Saturday, July 24, 2021
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Survey Of Those Arriving In New Zealand Since The Onset Of COVID-19 Helps Assess Economic Impact


A survey of people arriving in New Zealand since the
initial COVID-19 border restrictions has been carried out to
find out more about their intentions and needs.

This
release presents the first findings from the Survey of New
Zealand Arrivals, which surveyed returnees (and other
arrivals) after arriving in New Zealand.

These
preliminary results reflect those of the arrival population
between 1 August 2020 and 9 January 2021. A total of 5,014
people arriving during this period participated in the
Survey. The results have been weighted to reflect New
Zealand arrivals in this group during the arrival
period.

“The information collected is intended to
give government a fuller picture of those arriving in New
Zealand during the COVID-19 period. This information will
help agencies to develop more responsive policies, as well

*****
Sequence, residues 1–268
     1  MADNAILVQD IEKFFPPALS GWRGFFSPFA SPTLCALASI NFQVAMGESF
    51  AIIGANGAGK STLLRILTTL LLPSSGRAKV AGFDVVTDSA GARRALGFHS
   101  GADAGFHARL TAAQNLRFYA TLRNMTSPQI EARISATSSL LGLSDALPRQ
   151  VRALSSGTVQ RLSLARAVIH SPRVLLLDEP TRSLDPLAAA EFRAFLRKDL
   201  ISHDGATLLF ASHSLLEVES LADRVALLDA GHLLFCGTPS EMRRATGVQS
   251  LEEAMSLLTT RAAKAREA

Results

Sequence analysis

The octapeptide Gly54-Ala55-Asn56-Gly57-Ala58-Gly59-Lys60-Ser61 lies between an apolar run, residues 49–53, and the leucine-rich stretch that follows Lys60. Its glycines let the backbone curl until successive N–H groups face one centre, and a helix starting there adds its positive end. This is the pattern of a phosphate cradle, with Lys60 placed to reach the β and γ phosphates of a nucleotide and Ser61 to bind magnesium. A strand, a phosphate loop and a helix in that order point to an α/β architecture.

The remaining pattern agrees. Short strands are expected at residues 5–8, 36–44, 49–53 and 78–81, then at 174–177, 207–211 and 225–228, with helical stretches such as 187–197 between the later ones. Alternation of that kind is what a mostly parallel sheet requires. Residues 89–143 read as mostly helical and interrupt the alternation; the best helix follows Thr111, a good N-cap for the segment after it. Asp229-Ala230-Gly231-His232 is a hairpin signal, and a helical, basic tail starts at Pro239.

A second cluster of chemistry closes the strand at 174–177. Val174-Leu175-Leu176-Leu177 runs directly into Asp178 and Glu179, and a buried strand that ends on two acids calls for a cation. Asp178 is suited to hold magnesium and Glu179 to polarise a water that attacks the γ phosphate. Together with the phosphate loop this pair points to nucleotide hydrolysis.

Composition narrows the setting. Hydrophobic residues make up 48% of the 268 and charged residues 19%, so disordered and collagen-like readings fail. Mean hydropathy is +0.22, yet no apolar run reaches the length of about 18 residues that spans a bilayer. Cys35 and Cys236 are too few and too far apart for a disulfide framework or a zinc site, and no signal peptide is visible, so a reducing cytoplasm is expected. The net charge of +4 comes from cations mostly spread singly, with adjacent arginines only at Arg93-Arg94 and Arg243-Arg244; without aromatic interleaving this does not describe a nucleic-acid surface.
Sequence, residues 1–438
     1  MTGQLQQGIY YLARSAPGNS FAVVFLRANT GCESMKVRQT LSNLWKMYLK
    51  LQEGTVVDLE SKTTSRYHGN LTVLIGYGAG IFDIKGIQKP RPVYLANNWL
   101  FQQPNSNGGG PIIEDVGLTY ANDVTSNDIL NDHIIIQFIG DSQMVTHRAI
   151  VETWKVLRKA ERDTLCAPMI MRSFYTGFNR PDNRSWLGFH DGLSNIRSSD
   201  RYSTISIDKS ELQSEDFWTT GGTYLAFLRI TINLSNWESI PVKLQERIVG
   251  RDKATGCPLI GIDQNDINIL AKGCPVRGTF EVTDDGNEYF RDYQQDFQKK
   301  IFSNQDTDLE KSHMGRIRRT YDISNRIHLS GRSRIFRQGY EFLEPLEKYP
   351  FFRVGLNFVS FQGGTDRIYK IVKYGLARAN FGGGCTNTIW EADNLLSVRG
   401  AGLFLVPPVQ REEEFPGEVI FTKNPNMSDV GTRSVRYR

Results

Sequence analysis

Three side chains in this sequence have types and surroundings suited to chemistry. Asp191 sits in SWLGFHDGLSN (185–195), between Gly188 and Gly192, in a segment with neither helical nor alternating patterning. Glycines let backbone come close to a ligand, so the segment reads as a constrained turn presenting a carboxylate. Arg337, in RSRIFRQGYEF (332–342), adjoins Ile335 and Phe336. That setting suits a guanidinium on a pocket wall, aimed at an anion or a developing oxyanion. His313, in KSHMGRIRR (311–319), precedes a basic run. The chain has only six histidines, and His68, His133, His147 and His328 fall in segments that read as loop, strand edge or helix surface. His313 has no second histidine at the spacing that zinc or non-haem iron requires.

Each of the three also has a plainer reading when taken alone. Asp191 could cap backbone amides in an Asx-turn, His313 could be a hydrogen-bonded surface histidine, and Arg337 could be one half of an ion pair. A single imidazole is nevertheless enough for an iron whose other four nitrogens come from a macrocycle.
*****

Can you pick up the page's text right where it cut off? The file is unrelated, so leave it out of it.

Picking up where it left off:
as examine the longer term outcomes in employment, social
services, housing and education,” David Paterson, Manager
Migration Evidence and Insights, Ministry of Business,
Innovation and Employment said.

The top reason for
returning to New Zealand was for family-related or
compassionate reasons. Half of arrivals said COVID-19 was a
factor in their decision to come to New Zealand, while just
under a quarter said they would leave New Zealand if the
COVID-19 situation improved.

The survey also showed
that over half of those who arrived live in a property they
own, partly own, or that is owned by family or friends.
Around 27 per cent are living in a long-term rental
property. The results showed that just over half of the
respondents reported that COVID-19 had played a part in
their return or travel to New Zealand. Thirty-nine per cent
of arrivals were living in Auckland, fourteen per cent in
Wellington, and ten per cent in
Canterbury.

Seventy-nine per cent of arrivals agreed
that their current living situation met their living needs.
Thirty-seven per cent had a new job in New Zealand, and
thirty-five per cent were not in paid employment.

This
cross-government collaboration, involving eleven agencies,
ensures that the information needs of multiple government
agencies are collected in a coordinated way, while reducing
the burden on respondents of completing surveys from
multiple agencies.

The Survey of New Zealand Arrivals
is ongoing and further findings will be released as they
become
available.

© Scoop Media

 



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